Governments are similar. The priorities of a government can be seen in its budgets, not in politician's visionary speeches. As the space shuttle Enterprise moves to New York for its retirement party, many people talked about the demise of the American space program. While there are some free enterprise endeavors set to take very wealthy people out to space, these efforts are miniscule compared to the project that brought humans to the moon. At the time, America was racing with the Soviets to prove superiority and President Kennedy's famous challenge "before this decade is out, of landing a man on the Moon and returning him safely to the Earth." This statement has become a textbook example of leadership. Kennedy defined a clear and measurable goal then rallied support to make this moon landing (and safe return) a possibility.

As you can see from the graph below, NASA funding was a substantial part of the federal budget. There was a burst of funding and scientific activity in the 1960's, leading up to the 1969 moon landing and then funding dried up. Landing on the moon was no longer a priority and further space exploration, whether it be to Mars or other planets required a far greater investment.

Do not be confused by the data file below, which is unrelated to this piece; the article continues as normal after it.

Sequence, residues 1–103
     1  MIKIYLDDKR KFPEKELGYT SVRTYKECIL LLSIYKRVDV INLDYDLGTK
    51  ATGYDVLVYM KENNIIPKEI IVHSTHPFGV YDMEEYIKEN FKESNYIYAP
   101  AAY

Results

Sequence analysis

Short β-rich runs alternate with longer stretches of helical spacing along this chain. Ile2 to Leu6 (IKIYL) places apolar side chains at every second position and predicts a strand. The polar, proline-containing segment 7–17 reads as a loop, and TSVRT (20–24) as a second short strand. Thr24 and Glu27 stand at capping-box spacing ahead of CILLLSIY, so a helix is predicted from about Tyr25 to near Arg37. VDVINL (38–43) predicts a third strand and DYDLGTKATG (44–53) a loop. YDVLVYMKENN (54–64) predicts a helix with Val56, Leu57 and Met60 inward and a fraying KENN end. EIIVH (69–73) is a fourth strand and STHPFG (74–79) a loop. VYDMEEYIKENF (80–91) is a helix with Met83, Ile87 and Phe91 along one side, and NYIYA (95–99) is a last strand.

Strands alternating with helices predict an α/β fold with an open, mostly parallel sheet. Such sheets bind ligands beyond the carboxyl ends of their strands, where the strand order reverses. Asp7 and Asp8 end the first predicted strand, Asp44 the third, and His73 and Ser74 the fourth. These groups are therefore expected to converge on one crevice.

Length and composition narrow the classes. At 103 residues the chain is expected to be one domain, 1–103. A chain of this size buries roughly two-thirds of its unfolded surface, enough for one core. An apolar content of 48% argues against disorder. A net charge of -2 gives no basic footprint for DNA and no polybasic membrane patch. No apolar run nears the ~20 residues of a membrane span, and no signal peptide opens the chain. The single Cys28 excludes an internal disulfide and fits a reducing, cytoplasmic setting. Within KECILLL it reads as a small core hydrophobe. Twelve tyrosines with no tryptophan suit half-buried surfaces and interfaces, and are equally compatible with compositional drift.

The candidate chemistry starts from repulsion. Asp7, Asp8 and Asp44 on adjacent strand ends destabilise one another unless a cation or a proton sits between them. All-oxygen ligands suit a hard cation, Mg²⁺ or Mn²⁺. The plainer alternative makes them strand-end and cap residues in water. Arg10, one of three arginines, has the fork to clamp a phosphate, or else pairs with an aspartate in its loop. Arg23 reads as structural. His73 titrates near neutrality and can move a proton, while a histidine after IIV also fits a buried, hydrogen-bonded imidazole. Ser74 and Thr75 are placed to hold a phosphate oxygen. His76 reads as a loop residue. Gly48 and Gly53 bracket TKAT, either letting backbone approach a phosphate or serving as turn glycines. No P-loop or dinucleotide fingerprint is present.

2012-04-30-Presentation1.jpg


Here we are in 2012. We heard George Bush talk about a mission to Mars but no money was provided. Meanwhile, China and India plan to send missions to the Moon in the next few years while the Russians talk about landing people on the moon. The Google Lunar X Prize is trying to stimulate the private sector to get involved but these efforts pale in comparison to the scale of effort needed to get there.

The landing on the moon in 1969 was one of humanity's greatest accomplishments so far. History may judge the United States well on some issues and poorly on others, but it will always note that America landed humans on the moon first. I recently attended a lecture at the Museum of Natural History where one of their astronomers lamented that the United States has squandered the last 40 years that it could have invested in space exploration. The speaker went on to contrast the United States' short term focus on landing on the moon with the long-term plans that the Chinese have for space exploration. He envisioned in the next 10 years America waking up to a panic, much like it did when Sputnik was launched, but that America would not be able to catch up to China's space technology in the same way that a decade of major investment pushed America past the Russian efforts in the 1960's.